Do You Know Eggs Improve Your Cholesterol Profile and do NOT Raise Your Risk of Heart Disease?
The main reason people have been warned about eggs is that they’re loaded with cholesterol.
One large egg contains 212 mg of cholesterol, which is a lot compared to most other foods.
However, dietary sources of cholesterol have a minimal effect on cholesterol levels in the blood.
Your liver actually produces cholesterol, every single day. The amount produced depends on how much you eat.
If you get a lot of cholesterol from food, your liver produces less. If you don’t eat cholesterol, your liver produces more of it.
The thing is, many studies show that eggs actually improve your cholesterol profile.
They raise HDL (the “good”) cholesterol and they tend to change the LDL (the “bad”) cholesterol to a large subtype which is not as strongly associated with an increased risk of heart disease.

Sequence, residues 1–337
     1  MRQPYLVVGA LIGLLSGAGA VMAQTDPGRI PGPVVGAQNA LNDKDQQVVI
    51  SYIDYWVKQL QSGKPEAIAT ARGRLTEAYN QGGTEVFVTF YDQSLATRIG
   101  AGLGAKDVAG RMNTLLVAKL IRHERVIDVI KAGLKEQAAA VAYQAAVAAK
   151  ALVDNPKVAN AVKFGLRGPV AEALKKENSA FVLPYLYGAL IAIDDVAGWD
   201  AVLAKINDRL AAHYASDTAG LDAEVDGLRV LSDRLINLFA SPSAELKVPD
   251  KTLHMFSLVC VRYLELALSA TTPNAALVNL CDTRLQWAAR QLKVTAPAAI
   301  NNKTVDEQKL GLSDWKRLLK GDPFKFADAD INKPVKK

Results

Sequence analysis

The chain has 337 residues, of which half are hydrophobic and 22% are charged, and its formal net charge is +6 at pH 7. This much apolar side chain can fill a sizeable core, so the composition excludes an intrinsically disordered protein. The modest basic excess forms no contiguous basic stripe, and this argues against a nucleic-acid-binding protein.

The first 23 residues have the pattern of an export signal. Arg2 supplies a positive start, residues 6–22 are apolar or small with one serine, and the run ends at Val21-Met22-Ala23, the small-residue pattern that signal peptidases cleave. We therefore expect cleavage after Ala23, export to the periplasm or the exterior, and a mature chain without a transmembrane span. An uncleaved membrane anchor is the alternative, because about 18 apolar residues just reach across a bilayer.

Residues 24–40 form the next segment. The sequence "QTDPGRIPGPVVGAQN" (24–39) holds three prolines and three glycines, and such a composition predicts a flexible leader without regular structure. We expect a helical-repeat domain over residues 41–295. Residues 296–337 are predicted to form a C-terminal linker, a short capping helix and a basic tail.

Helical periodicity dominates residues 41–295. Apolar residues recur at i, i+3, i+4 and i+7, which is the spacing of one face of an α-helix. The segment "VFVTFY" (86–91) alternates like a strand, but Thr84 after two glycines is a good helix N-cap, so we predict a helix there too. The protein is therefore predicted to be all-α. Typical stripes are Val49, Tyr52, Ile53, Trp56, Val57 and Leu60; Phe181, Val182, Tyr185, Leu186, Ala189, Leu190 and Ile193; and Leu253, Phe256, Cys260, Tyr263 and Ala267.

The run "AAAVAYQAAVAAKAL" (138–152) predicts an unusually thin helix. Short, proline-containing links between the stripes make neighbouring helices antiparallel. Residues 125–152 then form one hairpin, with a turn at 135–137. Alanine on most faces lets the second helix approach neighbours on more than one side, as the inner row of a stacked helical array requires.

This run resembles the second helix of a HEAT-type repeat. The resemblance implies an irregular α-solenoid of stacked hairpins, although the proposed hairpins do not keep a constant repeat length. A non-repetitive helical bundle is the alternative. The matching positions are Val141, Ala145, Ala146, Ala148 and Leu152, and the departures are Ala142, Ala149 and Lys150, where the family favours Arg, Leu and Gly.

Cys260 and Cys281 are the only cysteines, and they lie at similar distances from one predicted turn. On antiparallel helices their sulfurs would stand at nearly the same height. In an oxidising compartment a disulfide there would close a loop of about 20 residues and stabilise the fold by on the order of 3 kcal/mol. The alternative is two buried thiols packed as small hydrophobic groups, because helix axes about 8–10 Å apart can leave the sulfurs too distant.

Multiple studies have examined how eating eggs affects the risk of heart disease and found no association between the two.
On the contrary, eggs have been linked with health benefits.
One study discovered that eating 3 whole eggs per day reduced insulin resistance, raised HDL and increased the size of LDL particles in people with metabolic syndrome.
However, some studies do show an increased risk of heart disease in people with diabetes. This needs further research though and probably doesn’t apply to a low-carb diet, which can, in many cases, reverse type 2 diabetes.
Studies show that eggs actually improve the cholesterol profile. They raise HDL (good) cholesterol and increase the size of LDL particles, which should lower the risk of heart disease.